The Islamabad High Court on Monday ordered the Pakistan government to give “another chance” to India to appoint a lawyer for death-row prisoner Kulbhushan Jadhav and see through the review trial from the civilian court.
On Monday, a two-member bench comprising IHC Chief Justice Athar Minallah and Justice Miangul Hassan Aurangzeb heard a petition filed by the Pakistan government to appoint a lawyer for Jadhav.
The Pakistan government, in the petition, asked the IHC to appoint a legal representative for Jadhav so that it can fulfil its responsibility to see to the implementation of the ICJ’s decision.
It also claimed that Jadhav refused to file a review petition or an application to reconsider the verdict against him by the military court.
“Now that the matter is in the high court, why not give India another chance,” Justice Minallah was quoted as saying by Geo News.
The judge said that the Indian government or Jadhav may reconsider their decision pertaining to the review petition.
“India and Kulbhushan Jadhav should once again be extended an offer to appoint a legal representative” for the death row prisoner, he added.
Responding to the judge’s remarks, Pakistan’s Attorney General Khalid Javed Khan said an ordinance was issued to give an opportunity to India and Jadhav to file a review petition against the sentence.
“We will contact India again through the Foreign Office,” he said.
The hearing was subsequently adjourned till September 3.
The Pakistan government had filed the review petition in the IHC on July 22.
However, the main parties, including the government of India, were not consulted ahead of the filing of the application by the Ministry of Law and Justice under an ordinance which was enacted on May 20.
Under the ‘International Court of Justice Review and Reconsideration Ordinance 2020’, which was enacted on May 20, a petition for the review of a military court’s decision can be made to Islamabad High Court through an application within 60 days of its promulgation.
The ordinance was approved by the parliament last week.
The Imran Khan government had on July 27 tabled the International Court of Justice (ICJ) Review and Re-consideration Ordinance 2020 in relation with former Indian Navy commander Kulbhushan Jadhav, in the National Assembly, even as it faced intense heat from the opposition on the issue.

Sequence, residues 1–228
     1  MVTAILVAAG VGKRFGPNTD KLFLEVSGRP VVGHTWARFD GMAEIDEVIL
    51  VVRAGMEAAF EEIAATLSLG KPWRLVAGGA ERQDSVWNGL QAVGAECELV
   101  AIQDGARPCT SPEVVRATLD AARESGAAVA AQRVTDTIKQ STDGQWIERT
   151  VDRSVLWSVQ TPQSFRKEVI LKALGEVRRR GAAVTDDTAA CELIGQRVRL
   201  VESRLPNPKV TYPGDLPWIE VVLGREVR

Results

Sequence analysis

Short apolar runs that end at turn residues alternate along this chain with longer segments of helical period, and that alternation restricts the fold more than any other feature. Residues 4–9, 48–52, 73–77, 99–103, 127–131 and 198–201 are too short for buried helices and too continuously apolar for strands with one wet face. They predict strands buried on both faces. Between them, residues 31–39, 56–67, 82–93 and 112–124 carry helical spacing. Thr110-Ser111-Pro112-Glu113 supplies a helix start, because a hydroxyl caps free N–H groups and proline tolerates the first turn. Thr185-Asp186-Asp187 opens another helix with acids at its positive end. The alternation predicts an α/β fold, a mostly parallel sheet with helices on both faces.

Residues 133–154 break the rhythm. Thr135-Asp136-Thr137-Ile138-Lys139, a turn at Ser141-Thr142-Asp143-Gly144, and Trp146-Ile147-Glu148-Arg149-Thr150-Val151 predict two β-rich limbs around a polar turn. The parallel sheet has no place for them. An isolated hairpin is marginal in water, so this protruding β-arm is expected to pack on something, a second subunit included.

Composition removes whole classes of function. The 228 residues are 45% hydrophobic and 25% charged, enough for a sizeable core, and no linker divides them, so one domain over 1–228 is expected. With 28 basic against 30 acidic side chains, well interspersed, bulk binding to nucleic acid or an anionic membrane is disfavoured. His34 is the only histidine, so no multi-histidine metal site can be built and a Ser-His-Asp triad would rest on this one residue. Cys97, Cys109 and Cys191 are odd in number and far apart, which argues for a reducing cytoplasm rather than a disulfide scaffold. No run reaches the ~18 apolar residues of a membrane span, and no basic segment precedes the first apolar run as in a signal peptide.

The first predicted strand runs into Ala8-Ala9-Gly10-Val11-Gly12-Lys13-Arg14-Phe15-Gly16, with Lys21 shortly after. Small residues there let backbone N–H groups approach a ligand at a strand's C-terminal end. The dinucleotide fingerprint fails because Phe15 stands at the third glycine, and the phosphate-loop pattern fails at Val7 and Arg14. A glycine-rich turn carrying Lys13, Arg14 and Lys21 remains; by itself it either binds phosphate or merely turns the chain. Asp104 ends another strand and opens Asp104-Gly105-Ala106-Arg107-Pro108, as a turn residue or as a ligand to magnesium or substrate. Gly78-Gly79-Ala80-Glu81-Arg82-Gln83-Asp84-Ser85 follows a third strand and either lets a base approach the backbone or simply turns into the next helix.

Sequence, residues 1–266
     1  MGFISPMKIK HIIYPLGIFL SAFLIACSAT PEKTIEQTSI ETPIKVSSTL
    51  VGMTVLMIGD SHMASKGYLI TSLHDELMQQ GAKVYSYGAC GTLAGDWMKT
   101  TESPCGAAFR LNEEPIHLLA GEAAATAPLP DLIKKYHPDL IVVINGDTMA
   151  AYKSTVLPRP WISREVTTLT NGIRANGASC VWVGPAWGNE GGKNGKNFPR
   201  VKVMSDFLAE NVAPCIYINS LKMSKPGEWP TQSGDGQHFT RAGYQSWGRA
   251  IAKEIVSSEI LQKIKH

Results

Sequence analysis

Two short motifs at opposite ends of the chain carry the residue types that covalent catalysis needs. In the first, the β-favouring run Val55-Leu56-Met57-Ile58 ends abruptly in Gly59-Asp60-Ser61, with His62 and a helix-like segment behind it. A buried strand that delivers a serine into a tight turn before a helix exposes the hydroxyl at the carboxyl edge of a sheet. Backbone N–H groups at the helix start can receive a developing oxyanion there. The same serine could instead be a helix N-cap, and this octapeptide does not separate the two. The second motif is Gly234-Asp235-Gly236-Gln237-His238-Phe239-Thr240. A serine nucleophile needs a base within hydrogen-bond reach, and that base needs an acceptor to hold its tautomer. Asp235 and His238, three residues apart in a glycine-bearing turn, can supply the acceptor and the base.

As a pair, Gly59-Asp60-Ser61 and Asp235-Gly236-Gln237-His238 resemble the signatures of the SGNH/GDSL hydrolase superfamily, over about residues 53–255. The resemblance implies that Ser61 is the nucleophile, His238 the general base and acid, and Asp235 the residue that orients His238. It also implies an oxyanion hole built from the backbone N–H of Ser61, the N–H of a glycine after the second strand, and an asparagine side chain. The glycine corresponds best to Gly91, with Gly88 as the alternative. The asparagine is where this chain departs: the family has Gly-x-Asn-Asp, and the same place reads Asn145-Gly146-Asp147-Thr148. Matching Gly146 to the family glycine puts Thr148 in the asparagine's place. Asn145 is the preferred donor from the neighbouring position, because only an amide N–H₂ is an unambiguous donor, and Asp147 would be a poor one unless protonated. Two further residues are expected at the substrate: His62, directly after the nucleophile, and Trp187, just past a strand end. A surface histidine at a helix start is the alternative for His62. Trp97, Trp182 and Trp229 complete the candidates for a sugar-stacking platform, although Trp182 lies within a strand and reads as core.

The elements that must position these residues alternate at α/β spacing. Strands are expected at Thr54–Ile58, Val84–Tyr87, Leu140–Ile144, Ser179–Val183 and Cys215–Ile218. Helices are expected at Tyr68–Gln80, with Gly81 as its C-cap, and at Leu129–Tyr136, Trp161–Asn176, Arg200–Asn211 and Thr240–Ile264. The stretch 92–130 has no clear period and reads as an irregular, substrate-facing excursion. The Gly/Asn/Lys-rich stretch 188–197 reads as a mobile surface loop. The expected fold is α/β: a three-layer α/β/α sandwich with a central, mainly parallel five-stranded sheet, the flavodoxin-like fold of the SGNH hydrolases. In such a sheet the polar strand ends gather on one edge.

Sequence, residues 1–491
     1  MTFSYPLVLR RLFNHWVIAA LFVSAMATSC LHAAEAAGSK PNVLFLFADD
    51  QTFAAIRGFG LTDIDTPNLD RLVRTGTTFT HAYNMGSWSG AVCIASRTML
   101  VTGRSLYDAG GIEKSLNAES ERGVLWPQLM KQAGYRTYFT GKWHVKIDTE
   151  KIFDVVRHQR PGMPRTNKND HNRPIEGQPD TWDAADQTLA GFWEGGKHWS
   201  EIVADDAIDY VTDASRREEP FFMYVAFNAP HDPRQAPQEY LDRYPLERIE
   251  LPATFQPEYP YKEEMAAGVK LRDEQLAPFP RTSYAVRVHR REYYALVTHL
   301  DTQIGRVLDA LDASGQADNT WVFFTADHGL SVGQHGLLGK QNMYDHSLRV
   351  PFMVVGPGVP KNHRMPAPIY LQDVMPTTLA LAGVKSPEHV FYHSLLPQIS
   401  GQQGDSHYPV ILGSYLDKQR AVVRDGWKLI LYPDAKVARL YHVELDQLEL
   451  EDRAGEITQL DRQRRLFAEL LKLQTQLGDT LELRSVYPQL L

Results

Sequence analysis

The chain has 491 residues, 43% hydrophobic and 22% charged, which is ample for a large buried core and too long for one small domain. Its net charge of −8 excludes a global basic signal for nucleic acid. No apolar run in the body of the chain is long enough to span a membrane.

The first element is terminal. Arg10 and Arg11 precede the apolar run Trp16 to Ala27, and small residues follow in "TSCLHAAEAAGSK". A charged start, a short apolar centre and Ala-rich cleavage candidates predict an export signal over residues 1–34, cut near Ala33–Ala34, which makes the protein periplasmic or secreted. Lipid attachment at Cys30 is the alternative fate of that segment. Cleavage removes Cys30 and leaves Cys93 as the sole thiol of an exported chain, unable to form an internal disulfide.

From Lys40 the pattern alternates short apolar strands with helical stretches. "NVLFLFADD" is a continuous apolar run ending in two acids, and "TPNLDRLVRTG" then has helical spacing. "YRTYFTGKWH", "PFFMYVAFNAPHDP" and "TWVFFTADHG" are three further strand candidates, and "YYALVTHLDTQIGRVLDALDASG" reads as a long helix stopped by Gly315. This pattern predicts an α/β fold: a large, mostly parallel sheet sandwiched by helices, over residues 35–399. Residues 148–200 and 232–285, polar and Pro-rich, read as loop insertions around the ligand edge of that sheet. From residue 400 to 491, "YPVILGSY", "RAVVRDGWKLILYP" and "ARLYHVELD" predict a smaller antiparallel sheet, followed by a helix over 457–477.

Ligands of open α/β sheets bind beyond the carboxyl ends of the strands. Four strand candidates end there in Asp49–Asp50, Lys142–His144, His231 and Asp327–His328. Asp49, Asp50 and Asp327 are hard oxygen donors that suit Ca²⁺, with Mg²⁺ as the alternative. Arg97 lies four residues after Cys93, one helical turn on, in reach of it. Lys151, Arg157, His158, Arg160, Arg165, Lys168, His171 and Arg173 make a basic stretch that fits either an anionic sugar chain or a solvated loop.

Prime Minister Imran Khan’s adviser Babar Awan presented the bill in the National Assembly.
The ordinance sought to allow alleged Indian spy Kulbhushan Jadhav the facility to file an appeal in a high court against his conviction. The government maintains that this is necessary in view of the ICJ’s ruling in June last year, in which it had asked Pakistan to give Jadhav consular access while hearing an appeal filed by India against the death sentence handed to him through a military court trial process.
The ordinance had become a bone of contention between the opposition and the government with former terming it a reprieve to Jadhav, who is a death-row convict, and latter saying the action is based in ICJ’s ruling. The opposition likened the proposed legislation to the National Reconciliation Ordinance (NRO). Former military ruler Pervez Musharraf issued NRO in 2007 to granted amnesty to politicians, and bureaucrats facing cases. The country’s Supreme Court declared NRO unconstitutional in 2009.
Pakistan has claimed that it arrested Jadhav on 3 March 2016 when he attempted to cross over into the country from the Saravan border in Iran in pursuit of targets set by his RAW handlers. New Delhi has rubbished Pakistan’s claim, asserting that the Indian national was abducted by Pakistani agencies from Iran where he was running a business.
Pakistan subsequently conducted a farcical trial of Jadhav in a military court and sentenced him to death. Pakistan Army chief, Gen Qamar Javed Bajwa, had endorsed the death penalty for Jadhav in April 2017. Following this, India approached the ICJ.
The world court on July 17, last year, ordered Pakistan not to execute Kulbhushan Jadhav and directed “effective review and reconsideration” of his conviction and the sentence awarded to him by a military court.
The world court, while rejecting all objections raised by Pakistan, directed it to grant consular access to Jadhav “without further delay”, while holding that it had “breached” the Vienna Convention in this regard by denying him this right.
Meanwhile, the ordinance comes days after New Delhi admonished Islamabad saying that Pakistan has blocked all the avenues for an effective remedy available for India in the Kulbhushan Jadhav case.
During one of his weekly briefings last month, External Affairs Ministry spokesperson Anurag Srivastava had said that Pakistan is not only in violation of the judgment of the International Court of Justice (ICJ), but also of its own ordinance.
“Pakistan has completely failed to provide the remedy as directed by the ICJ and India reserves its position in the matter, including its rights to avail further remedies,” he said.
India has slammed Pakistan numerous times for intimidating and distressing its imprisoned citizen Kulbhushan Jadhav during the consular access granted to its officials. India has so far requested consular access 12 times over the past one year.